Football needs women's touch, says Harry Redknapp

QPR manager backs the idea of female breaking through to take charge of a professional team

Harry Redknapp, the Queen's Park Rangers manager, believes attitudes are now changing after throwing his weight behind the prospect of a female manager taking charge of a professional football club.

During Redknapp's 30-year spell as a manager he has seen a sea of change at boardroom level. Karren Brady, the trendsetter, was installed as Birmingham City's managing director – the first women to hold such a lofty position – at the age of 23. On the pitch, Hope Powell, the England women's team coach, was strongly tipped to take charge of then League Two club Grimsby back in 2009.

That historic move never materialised but, on International Women's Day yesterday, Redknapp said clubs could soon take a leap of faith. "It could happen at some level," said Redknapp. "I can't see why it is an impossibility. Women's football is improving and I am sure they have some outstanding coaches. When you look at women's football now, it is amazing.

"The standard of the top teams has gone through the roof. Look at the American team, the England team and there is some real quality football being played now. Just look at the Olympics with Team GB. It's not impossible. We have lots of managers now who were very successful but who never played football. They are great at their jobs so there is no reason why there can't be a woman. It probably won't be in my lifetime, but it is possible."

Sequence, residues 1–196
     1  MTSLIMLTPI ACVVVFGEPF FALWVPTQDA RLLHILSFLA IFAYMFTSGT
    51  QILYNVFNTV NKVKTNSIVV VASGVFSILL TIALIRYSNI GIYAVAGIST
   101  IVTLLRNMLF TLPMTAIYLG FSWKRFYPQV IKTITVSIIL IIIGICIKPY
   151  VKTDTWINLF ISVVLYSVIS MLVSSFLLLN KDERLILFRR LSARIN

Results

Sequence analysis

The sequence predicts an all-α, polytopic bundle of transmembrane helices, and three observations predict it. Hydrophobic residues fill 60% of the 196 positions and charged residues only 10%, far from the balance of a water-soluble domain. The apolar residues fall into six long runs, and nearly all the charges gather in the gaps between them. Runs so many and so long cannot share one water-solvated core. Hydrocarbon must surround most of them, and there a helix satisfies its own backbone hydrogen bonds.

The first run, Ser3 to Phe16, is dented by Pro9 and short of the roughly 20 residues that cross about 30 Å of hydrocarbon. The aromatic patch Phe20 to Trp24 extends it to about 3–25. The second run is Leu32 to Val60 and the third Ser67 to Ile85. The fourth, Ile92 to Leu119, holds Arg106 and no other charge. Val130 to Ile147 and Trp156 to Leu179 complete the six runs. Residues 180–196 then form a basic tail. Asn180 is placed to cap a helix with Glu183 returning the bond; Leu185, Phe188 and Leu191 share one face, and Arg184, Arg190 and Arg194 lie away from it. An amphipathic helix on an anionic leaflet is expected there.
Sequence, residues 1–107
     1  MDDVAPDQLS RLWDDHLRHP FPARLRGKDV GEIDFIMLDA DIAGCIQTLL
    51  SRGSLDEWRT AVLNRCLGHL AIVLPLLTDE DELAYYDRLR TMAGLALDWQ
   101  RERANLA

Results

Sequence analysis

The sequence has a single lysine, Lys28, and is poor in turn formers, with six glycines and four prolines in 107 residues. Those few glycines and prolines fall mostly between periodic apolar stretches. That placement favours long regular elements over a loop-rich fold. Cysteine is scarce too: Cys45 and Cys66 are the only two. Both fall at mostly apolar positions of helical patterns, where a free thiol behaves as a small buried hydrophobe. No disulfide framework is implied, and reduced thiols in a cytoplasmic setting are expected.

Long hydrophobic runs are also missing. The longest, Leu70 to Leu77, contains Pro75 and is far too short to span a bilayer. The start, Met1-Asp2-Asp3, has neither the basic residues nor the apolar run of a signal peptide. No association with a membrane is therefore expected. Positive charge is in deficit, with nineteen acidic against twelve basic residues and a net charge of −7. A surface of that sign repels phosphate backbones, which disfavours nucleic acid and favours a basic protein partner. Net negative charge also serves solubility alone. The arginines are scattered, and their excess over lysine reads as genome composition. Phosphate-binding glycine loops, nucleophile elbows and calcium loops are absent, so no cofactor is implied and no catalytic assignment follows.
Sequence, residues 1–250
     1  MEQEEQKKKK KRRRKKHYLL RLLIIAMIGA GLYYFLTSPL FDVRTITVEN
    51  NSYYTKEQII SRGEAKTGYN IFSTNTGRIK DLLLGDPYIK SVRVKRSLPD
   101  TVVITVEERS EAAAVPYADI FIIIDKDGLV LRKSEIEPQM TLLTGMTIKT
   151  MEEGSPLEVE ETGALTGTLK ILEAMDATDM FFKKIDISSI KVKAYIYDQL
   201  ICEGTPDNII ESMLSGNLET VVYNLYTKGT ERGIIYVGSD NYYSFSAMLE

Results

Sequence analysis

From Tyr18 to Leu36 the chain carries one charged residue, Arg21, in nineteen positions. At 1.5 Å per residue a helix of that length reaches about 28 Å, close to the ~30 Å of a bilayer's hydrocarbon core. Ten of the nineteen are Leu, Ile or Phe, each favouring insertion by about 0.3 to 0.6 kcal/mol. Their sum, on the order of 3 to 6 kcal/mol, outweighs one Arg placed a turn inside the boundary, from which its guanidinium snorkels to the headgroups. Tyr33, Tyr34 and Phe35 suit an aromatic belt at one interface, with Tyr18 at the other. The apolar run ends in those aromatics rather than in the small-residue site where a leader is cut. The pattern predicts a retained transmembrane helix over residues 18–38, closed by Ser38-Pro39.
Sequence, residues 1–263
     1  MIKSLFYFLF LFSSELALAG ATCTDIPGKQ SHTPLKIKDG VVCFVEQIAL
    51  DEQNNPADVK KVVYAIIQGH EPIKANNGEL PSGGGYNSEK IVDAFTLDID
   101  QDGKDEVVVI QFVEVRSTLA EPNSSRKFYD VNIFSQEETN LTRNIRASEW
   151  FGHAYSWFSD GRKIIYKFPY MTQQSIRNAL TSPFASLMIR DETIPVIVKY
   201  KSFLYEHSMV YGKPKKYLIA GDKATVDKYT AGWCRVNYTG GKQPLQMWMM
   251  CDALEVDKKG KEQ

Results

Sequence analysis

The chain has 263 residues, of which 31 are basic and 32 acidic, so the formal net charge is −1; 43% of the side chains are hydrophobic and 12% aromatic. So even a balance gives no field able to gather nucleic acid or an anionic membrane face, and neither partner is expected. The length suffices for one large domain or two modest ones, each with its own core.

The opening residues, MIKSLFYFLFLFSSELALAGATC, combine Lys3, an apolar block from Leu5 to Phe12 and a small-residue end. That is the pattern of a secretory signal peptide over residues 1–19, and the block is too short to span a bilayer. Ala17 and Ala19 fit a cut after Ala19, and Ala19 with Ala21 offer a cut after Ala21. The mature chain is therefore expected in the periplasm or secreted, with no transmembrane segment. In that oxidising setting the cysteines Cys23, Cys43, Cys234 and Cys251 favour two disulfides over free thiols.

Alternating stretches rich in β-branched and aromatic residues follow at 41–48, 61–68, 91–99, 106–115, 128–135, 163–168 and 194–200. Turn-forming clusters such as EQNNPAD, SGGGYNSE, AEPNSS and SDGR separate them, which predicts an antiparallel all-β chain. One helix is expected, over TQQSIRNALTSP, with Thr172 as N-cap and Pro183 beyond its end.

Redknapp has more pressing matters at hand if he is to remain a top-flight manager himself next season.QPR are still propping up the table and are four points from safety ahead of today's visit of Sunderland.In a week where Rangers reported a loss of £23 million for last season, prompting fears of a meltdown at Loftus Road, the scale of the challenge for the big-spending club to avoid relegation was underlined.

"The debts are high, the chairman and board must understand it," said Redknapp. "They are not silly men and they are successful businessmen.They know what they are doing so I will leave it to them as it's their business.But there is not going to be meltdown because of something I've done. If the [financial] results aren't good that was before I came to the club."

Meanwhile, women players will be allowed to join the Professional Footballers' Association for the first time from next season.

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